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The IIFR Comes to Apache Gold

Local cowboys expect big things at the International Indian Finals Rodeo

By Jenn Walker

The International Indian Finals Rodeo was looking for a venue this year. Apache Gold Casino told the commissioner to come on down and bring their cowboys, so they are doing just that.

This year marks the 9th annual International Indian Finals Rodeo, which showcases the best Native American talent in the rodeo world, and this is the first time it will be held at the casino.

“It is one of the best facilities in the country to have a rodeo,” says Simon Hooke, a San Carlos cowboy. He is involved in organizing this year’s rodeo, alongside the rodeo’s commissioner Harrison Charley.

Picture 2Other rodeos have been held at Apache Gold in the past, but this is a first for the finals rodeo.

Top professional team ropers Derrick Begay and Erich Rogers will be there, in addition to 240 to 280 cowboys and cowgirls from: Navajo Nation; White River; Neilburg, Saskatchewan; Box Elder, Montana; Alberta, Canada; and Gallup, New Mexico. Hooke estimates that as many as 28 competitors from San Carlos will also show.

Last year’s rodeo was held in Albuquerque, New Mexico, and in Farmington, New Mexico, the year before.

“We always run the rodeos pretty good,” Charley says.

This is Charley’s first year as commissioner, though he has been rodeoing with the association for a long time, and judging for more than 30 years.

The rodeo will showcase a little bit of everything, including: junior barrel racing and junior steer riding bareback, ladies’ barrel racing, ladies’ breakaway roping, saddle bronc riding, bull riding, tie-down roping, steer wrestling, team roping and senior breakaway roping. In addition, there will be Queen Pageant Ceremonies, trade shows, educational seminars and the opening grand entry.

L to R: Simon Hooke and Fred Wesley
L to R: Simon Hooke and Fred Wesley*

The finals rodeo originated in Saskatchewan, Canada. Though racial lines are fading, there was a time where if a colored person won a rodeo, they were excluded, says Fred Wesley, Hooke’s uncle-in-law.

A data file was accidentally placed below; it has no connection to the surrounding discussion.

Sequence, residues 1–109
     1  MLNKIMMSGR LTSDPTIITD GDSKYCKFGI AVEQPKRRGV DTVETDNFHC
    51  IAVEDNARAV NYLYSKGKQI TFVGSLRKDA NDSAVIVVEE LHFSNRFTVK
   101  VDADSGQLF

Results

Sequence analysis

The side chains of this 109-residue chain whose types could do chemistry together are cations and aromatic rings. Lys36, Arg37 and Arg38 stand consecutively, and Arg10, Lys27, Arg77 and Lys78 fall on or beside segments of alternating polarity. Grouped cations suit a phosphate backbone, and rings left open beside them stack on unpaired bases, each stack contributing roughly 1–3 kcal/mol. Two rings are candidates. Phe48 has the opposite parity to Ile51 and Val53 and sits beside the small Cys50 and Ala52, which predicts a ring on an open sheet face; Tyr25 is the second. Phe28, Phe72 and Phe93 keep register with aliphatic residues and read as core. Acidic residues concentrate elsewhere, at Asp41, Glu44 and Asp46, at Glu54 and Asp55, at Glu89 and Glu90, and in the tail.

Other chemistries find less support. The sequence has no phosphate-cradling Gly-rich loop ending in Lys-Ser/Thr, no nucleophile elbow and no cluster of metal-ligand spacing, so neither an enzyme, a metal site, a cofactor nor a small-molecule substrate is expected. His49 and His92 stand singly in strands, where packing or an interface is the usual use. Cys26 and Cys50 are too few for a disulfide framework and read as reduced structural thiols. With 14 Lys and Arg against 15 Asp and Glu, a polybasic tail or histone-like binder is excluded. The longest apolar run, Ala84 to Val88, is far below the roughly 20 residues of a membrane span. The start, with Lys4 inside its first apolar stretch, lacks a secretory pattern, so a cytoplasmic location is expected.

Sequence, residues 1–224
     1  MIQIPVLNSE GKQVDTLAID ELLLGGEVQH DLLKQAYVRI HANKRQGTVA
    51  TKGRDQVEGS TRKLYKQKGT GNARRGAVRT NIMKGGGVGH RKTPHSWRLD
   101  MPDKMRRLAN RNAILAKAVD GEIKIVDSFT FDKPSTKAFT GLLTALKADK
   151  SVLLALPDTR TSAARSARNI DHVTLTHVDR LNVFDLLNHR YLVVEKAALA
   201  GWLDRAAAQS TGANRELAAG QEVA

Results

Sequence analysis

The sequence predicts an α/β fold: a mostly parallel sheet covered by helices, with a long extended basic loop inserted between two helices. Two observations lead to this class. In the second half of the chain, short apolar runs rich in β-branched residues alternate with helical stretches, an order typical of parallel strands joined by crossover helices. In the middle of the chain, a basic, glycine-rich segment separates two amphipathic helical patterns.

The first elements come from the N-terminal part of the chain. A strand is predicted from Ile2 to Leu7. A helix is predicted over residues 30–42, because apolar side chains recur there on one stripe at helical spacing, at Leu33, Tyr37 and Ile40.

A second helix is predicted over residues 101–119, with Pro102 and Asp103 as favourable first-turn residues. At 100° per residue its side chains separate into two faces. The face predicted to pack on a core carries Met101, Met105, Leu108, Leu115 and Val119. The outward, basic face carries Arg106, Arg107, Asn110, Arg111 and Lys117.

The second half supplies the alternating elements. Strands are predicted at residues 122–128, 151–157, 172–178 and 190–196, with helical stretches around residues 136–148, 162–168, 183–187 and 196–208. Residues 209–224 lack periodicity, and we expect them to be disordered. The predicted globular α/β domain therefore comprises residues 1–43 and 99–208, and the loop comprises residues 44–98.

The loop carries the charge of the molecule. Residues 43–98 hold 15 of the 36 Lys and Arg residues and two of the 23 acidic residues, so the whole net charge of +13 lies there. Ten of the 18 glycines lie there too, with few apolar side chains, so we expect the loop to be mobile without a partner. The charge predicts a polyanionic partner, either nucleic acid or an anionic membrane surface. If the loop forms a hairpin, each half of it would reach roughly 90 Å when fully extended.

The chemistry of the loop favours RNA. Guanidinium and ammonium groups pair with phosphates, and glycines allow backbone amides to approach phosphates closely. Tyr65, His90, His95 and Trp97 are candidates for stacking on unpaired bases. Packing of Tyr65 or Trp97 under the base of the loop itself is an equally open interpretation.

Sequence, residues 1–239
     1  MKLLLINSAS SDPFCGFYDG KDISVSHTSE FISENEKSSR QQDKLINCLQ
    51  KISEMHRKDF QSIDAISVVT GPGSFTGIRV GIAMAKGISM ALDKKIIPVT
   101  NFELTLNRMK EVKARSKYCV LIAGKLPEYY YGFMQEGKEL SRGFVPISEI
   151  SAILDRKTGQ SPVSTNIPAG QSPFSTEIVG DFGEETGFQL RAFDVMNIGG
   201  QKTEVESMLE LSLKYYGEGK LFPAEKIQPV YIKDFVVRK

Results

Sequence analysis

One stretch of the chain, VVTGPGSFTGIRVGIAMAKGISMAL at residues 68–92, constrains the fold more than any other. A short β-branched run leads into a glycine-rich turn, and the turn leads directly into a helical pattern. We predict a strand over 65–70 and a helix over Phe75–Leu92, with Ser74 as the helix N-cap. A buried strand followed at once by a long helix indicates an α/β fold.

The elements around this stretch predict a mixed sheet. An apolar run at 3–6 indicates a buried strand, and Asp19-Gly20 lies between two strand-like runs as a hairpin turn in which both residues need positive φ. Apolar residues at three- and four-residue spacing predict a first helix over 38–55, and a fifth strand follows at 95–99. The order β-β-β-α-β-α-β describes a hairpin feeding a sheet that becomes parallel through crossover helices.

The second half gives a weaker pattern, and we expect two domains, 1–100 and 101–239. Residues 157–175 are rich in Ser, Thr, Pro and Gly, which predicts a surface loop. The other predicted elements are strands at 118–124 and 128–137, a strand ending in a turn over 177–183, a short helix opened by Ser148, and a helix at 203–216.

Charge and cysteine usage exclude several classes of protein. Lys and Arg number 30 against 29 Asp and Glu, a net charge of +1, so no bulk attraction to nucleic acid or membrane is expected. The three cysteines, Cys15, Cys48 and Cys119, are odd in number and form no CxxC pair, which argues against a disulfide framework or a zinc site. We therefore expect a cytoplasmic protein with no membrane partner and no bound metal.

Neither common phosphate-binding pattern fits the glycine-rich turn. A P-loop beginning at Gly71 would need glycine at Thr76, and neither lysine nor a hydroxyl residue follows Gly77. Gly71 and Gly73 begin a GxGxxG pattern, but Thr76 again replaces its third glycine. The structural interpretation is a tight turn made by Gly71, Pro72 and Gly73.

That is how Native rodeos started.

Wesley used to ride himself. Now he trains horses for rodeo riders like Hooke.

“There are always horses that buck,” Wesley says. “In order to win, you have to have a trained horse.”

This rodeo will highlight the top cowboys from each region, says Hooke. Hooke is well-acquainted with the rodeo world. He takes part in calf roping and steer wrestling competitions, and is one of San Carlos’ team ropers at this year’s finals.

Most recently, Hooke and his partner won in roping in the Steve Lupe Memorial Roping at White River. Last year he won the veteran’s reward (two saddles) in the Veteran’s rodeo.

For 12 years, Hooke also rode bulls. He stopped when he started a family. His kids didn’t think it was a good idea after they saw his arm twice its normal size. (A bull stomped on his arm.)

Training as a bull rider requires calisthenics, and watching the bulls, he says.

“A bull never bucks the same way,” Hooke explains. “You have to know how tight to pull the rope… You have to be ready for what the bull will do.”

According to Hooke, calf ropers work even harder.

“Every event takes a lot of work to win, mentally, spiritually and physically, to be competitive, to win,” Hooke says. “It looks easy, but it actually takes a lot of hard work. You gotta be in shape to do that.”

One practice session may mean roping a dummy calf 100 times.

Though it is hard work, “The life of a cowboy is a real good life,” Hooke says. “It seems like cowboys are fading, but the ones true at heart, they still carry on to be an example.”

As Hooke says, the finals rodeos is another opportunity to carry on the rodeo tradition.

*There was a misprint in the the fall 2013 issue, where this article was originally published. In the photograph above, the man to the right was mistakenly identified as Harrison Charley. That is in fact Fred Wesley.

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